Academic journal article Journal of the Medical Library Association

The Virtual Naval Hospital: The Digital Library as Knowledge Management Tool for Nomadic Patrons*

Academic journal article Journal of the Medical Library Association

The Virtual Naval Hospital: The Digital Library as Knowledge Management Tool for Nomadic Patrons*

Article excerpt

Objective: To meet the information needs of isolated primary care providers and their patients in the US Navy, a digital health sciences library, the Virtual Naval Hospital, was created through a unique partnership between academia and government.

Methods: The creation of the digital library was heavily influenced by the principles of user-centered design and made allowances for the nomadic nature of the digital library's patrons and the heterogeneous access they have to Internet bandwidth.

Results: The result is a digital library that has been in operation since 1997, continues to expand in size, is heavily used, and is highly regarded by its patrons.

Conclusions: The digital library is dedicated to delivering the right information at the right time to the right person so the right decision can be made, and therefore the Virtual Naval Hospital functions as a knowledge-management system for the US Navy Bureau of Medicine and Surgery.

INTRODUCTION

The mission of the US Navy, which includes the US Marine Corps, is to maintain, train, and equip combat-ready naval forces capable of winning wars, deterring aggression, and maintaining freedom of the seas. The mission of the US Navy Medical Department is to support the combat readiness of the uniformed services and to promote, protect, and maintain the health of all those entrusted to their care, anytime, anywhere.

Navy Medicine can be considered a virtual academic medical center, with approximately 37,000 US Navy medical professionals working in hundreds of medical campuses and departments around the world, all operating under a single administrative structure. Like any academic medical center, Navy Medicine contains a large amount of knowledge [1]. This knowledge has traditionally been codified in the form of lessons learned and best practices in print textbooks. Unfortunately, Navy Medicine's mission is complicated by the fact that naval primary care providers are among the most geographically isolated health care providers in the world and rarely have convenient access to the authoritative operational naval medical information that they need to deliver optimal patient care.

The US Navy has a long history of using knowledge-management systems, taking the first such commercially available system to sea in 1983 [2]. Recently, the US Navy has defined knowledge management as the "delivery of the right information at the right time to the right person so the right decision can be made" and has dedicated itself to deploying knowledge-management tools to its personnel [3].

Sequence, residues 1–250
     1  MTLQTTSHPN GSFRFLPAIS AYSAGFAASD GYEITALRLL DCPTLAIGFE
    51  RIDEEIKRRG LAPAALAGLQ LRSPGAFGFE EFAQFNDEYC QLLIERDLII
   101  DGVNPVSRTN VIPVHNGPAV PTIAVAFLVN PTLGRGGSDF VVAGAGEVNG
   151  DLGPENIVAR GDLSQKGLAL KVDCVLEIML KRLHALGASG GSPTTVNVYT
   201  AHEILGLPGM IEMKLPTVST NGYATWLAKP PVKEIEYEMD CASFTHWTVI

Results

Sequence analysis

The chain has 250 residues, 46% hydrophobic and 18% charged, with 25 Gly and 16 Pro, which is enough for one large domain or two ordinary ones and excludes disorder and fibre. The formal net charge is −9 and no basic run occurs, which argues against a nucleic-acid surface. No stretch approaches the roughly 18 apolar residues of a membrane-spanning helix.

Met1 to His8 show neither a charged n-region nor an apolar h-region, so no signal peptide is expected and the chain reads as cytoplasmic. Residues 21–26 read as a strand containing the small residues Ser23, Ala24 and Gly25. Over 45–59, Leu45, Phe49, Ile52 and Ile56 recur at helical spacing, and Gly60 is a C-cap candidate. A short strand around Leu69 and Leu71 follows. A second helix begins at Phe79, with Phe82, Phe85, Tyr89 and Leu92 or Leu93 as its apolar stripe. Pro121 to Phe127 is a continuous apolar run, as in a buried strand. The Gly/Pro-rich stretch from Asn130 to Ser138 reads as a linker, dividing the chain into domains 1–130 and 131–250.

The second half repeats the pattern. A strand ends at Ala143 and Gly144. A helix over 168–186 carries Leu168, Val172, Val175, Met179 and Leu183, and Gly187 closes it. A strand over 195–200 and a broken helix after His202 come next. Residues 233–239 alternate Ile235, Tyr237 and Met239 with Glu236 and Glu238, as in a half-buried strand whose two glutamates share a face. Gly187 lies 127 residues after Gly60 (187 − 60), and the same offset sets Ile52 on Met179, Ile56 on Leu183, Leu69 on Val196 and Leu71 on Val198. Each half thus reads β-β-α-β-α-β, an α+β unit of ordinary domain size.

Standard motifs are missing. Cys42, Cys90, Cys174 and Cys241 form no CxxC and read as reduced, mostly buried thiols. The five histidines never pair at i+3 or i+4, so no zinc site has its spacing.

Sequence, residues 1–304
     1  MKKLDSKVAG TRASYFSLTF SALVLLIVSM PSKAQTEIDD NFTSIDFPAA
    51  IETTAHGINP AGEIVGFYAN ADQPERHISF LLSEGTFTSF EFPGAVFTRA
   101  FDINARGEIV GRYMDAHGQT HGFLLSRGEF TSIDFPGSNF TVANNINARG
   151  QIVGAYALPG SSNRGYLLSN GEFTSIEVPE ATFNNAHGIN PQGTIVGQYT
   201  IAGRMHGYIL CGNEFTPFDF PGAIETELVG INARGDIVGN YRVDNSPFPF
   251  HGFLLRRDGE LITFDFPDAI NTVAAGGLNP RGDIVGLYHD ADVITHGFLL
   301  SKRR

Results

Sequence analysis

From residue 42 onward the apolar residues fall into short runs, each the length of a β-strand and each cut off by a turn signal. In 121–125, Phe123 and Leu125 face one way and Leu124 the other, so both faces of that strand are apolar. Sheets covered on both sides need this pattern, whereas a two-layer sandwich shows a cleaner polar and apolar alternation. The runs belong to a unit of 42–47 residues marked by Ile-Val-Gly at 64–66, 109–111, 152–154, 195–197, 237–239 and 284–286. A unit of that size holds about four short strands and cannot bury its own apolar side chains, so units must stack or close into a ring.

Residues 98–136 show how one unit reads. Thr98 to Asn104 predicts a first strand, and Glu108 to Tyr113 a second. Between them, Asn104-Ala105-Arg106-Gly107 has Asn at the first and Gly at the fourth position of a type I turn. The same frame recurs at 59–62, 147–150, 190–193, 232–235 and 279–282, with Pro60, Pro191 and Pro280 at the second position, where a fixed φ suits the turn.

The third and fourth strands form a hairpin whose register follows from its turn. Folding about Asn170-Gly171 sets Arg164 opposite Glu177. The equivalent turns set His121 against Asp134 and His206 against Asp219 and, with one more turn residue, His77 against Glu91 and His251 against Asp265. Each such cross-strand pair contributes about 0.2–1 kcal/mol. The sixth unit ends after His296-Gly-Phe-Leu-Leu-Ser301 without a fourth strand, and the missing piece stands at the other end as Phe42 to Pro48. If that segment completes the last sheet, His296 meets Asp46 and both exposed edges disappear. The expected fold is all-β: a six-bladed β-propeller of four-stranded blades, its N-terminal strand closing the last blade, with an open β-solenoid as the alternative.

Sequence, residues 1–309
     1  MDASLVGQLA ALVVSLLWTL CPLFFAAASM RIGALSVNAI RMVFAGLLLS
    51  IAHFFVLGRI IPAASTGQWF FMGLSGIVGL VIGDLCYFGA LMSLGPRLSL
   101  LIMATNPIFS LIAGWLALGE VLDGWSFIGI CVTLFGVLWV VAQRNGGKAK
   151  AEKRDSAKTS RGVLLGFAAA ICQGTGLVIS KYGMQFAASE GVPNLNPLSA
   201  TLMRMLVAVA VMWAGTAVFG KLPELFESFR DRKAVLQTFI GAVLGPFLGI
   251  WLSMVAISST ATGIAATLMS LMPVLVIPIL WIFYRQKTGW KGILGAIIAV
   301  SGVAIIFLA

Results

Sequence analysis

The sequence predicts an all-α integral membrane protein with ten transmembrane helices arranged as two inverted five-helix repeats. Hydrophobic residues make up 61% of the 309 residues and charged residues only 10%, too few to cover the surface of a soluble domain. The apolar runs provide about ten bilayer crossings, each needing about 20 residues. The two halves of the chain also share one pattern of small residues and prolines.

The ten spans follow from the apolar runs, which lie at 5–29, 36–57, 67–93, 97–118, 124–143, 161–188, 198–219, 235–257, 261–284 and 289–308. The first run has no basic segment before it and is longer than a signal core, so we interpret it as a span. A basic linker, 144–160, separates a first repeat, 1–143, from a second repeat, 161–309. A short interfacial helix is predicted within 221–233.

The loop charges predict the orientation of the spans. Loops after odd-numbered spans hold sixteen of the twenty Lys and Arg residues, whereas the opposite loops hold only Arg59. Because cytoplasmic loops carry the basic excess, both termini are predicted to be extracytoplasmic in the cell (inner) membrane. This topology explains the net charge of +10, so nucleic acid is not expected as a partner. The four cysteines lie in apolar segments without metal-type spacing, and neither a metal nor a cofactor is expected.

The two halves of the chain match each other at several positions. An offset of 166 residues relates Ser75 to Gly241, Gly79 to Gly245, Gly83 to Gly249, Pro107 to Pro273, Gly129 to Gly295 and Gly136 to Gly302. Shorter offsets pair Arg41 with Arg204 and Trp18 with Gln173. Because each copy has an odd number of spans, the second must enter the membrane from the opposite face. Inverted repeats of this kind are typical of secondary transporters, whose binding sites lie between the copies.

In 1996, Navy Medicine desired to digitize its knowledge and create a knowledge-management tool, using digital library technology, to provide primary care providers and patients convenient access to authoritative operational naval medical information at the point of care. The Navy approached digital library researchers at The University of Iowa, who, since 1992, had a history of providing digital library services to isolated rural primary care providers and their patients through the Virtual Hospital digital library [4]. The Navy wished to leverage The University of Iowa's expertise to deliver digital library services to isolated naval primary care providers and patients at sea and in the field.

Thus, the Virtual Naval Hospital(TM) was commissioned in 1997, with a mission of creating and curating a digital health sciences library to make the Internet a useful medical reference tool for naval primary care providers at the point of care, by helping them take better care of patients, and, as a health promotion tool for sailors and marines, to help personnel live healthier lives.

The Navy and Marine Corps are nomadic, spending much of their time at sea or in the field away from their bases, which adds to the complexity of the project. During these times, they have heterogeneous access to Internet bandwidth, ranging from no access (much of the time), to low-speed access, to high-speed access in exceptional circumstances. …

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